Swells associated with Frank are affecting the coasts of the southern Baja California peninsula and the state of Sinaloa. These swells could cause life-threatening surf and rip currents.

Hurricane Georgette Strengthening
At 800 AM PDT (1500 UTC), the center of Hurricane Georgette was located near latitude 15.1 North, longitude 124.6 West. That’s about 1,100 miles (1,770km) west-southwest of the southern tip of baja California, Mexico.

Georgette is moving toward the west-northwest near 10 mph (17 km/h), and this motion is expected to continue today. A turn toward the northwest and a decrease in forward speed is forecast tonight. Maximum sustained winds have increased to near 85 mph (140 km/h) with higher gusts. Some additional strengthening is possible today, with slow weakening forecast to begin on Monday.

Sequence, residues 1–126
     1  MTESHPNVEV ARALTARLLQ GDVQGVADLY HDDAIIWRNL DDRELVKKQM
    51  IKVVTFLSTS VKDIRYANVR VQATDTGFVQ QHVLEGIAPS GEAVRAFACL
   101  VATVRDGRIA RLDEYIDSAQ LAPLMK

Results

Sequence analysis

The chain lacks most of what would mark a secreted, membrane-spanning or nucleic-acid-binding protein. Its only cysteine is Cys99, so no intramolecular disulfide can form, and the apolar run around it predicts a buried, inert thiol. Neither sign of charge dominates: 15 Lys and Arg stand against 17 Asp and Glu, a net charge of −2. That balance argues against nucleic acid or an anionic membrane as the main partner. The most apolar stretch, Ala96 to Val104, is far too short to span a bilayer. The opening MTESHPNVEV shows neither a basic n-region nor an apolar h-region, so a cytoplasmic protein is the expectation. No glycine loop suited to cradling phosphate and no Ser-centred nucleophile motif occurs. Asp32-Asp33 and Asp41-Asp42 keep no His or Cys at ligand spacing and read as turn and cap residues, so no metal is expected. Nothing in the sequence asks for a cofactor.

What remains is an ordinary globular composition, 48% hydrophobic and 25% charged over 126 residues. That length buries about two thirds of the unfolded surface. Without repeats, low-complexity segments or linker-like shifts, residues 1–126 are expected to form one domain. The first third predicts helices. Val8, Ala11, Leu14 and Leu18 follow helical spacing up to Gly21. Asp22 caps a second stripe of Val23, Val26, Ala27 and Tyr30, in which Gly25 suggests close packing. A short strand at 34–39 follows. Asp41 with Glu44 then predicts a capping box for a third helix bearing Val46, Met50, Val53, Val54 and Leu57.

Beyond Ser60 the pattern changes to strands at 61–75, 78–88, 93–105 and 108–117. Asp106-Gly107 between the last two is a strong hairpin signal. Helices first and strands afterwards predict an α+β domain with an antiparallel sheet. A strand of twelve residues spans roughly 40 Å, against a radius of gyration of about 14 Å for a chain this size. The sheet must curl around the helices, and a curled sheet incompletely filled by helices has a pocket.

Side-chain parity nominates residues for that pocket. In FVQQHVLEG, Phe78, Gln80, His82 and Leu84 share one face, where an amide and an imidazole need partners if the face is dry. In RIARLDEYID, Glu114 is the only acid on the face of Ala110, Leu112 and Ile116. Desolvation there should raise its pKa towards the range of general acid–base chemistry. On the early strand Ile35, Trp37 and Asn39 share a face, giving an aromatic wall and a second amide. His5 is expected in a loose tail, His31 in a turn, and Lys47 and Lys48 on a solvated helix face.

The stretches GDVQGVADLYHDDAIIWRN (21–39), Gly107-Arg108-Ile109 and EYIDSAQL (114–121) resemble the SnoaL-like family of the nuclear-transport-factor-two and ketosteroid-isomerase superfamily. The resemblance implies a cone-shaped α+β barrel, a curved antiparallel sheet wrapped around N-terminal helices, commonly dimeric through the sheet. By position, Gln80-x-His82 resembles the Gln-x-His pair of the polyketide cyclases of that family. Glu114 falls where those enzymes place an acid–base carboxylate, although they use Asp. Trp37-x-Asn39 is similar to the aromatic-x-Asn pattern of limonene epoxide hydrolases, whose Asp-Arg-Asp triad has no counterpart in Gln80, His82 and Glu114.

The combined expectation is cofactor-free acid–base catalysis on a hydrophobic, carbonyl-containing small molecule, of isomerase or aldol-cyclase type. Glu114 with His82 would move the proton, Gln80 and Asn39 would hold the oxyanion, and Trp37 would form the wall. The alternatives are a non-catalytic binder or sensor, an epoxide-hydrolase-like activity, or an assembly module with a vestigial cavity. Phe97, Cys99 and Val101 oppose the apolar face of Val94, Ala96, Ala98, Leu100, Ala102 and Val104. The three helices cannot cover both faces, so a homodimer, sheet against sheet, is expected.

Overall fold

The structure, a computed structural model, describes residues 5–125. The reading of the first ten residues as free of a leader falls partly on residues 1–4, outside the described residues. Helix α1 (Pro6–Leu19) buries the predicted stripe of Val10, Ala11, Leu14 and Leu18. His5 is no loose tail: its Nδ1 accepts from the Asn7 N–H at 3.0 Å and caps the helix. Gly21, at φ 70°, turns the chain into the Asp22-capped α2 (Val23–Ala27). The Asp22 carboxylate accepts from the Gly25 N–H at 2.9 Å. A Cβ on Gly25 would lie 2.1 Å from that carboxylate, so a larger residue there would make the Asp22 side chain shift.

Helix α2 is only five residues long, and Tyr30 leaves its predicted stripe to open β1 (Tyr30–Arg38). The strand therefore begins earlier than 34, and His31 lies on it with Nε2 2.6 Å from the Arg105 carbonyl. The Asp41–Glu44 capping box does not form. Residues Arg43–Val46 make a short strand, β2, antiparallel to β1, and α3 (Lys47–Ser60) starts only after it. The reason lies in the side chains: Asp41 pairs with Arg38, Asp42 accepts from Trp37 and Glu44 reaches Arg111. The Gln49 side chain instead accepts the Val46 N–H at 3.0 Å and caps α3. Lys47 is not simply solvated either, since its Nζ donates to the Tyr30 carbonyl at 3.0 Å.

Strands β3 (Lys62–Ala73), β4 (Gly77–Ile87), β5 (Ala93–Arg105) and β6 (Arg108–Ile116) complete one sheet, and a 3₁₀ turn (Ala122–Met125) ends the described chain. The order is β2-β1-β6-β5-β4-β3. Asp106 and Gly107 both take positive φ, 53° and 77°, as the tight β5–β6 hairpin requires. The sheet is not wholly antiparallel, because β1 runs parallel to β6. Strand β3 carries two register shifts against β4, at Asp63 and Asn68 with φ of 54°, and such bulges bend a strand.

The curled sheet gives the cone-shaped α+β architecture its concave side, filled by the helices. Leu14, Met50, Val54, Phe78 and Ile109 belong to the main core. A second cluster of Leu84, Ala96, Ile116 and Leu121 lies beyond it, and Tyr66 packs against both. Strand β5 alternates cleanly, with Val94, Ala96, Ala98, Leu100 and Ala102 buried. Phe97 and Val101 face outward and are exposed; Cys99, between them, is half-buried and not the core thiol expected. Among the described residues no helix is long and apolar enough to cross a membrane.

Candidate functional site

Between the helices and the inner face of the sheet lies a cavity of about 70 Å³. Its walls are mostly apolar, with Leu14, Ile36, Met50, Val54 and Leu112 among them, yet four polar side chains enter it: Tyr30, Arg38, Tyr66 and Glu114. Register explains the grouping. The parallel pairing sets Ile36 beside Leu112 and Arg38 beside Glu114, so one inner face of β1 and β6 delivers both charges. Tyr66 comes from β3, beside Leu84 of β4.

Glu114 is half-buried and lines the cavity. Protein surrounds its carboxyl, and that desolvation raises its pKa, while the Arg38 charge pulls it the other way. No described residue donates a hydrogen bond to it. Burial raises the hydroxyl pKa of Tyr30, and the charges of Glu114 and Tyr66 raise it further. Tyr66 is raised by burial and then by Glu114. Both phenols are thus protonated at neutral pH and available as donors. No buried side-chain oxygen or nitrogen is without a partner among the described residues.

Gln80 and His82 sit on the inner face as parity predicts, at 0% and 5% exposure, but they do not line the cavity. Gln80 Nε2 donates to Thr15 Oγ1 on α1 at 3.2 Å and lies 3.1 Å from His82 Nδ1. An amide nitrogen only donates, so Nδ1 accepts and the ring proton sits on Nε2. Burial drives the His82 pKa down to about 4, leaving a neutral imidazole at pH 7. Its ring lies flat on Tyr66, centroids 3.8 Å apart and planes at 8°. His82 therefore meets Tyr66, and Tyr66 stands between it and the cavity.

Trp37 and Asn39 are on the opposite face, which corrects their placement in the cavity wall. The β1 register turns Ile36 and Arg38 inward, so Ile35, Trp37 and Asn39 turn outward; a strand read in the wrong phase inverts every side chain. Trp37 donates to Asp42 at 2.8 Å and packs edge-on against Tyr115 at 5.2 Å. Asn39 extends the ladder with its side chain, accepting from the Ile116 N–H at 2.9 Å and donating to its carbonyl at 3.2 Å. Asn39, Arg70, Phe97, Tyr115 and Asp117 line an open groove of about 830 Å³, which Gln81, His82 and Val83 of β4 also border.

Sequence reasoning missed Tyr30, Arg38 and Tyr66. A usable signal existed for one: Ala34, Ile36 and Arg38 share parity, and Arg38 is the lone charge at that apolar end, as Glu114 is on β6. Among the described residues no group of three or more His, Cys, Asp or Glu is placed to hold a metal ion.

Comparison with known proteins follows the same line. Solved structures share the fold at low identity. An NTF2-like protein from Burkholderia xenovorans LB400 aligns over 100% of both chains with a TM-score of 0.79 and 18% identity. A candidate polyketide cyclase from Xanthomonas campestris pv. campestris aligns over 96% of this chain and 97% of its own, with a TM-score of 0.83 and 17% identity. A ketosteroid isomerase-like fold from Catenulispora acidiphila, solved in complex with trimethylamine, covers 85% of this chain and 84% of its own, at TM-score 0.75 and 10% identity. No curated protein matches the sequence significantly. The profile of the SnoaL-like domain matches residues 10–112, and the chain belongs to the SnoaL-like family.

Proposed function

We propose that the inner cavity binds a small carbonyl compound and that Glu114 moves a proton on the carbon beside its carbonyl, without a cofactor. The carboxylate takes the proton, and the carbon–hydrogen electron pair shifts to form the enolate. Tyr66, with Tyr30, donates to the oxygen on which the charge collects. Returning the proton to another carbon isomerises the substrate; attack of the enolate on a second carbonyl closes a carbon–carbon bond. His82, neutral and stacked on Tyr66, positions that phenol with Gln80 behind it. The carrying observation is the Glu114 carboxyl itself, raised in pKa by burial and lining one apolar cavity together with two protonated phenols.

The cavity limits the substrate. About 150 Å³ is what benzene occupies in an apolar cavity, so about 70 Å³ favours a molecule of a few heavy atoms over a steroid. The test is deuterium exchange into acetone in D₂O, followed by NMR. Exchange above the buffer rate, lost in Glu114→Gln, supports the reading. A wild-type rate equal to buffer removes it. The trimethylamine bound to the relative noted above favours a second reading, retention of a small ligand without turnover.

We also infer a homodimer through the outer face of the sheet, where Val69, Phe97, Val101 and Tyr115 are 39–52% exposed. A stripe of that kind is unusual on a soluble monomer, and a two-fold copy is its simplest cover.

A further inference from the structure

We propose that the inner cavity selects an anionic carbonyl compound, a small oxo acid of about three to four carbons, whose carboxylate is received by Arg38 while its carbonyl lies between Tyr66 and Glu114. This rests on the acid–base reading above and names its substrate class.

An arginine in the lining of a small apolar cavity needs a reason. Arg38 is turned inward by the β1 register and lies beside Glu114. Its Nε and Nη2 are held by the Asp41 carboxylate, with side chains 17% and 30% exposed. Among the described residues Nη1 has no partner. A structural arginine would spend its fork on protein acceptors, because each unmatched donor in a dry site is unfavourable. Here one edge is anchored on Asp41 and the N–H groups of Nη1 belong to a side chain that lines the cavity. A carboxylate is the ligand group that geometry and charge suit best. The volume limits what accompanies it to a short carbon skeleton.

Jul 22

A Tropical Storm Warning has been issued for the Big Island of Hawaii


A Tropical Storm Warning has been issued for the Big Island of Hawaii. A Tropical Storm Watch continues for Maui County, including the islands of Maui, Molokai, Lanai and Kahoolawe. Tropical-storm-force winds are expected over the Big Island and are possible over portions of Maui county on Saturday. Tropical Storm Darby is centered about 460 miles (740 km) east of Hilo. Maximum sustained winds are near 65 mph (100 km/h). Little change in strength through Saturday evening is expected.

13726578_1114229875309158_7985298961053495441_n 13707520_1114229865309159_5110304386851191790_n

Swells generated by Darby are expected to impact the Hawaiian Islands over the next couple of days, possibly becoming damaging along some coastlines Friday and Saturday. Heavy rains are expected to reach the Big Island and portions of Maui county late Friday, potentially impacting the remainder of the state Saturday. These rains could cause life-threatening flash floods as well as rock and mud slides.

Get the latest on this tropical storm by visiting the website of NOAA’s Central Pacific Hurricane Center (CPHC) at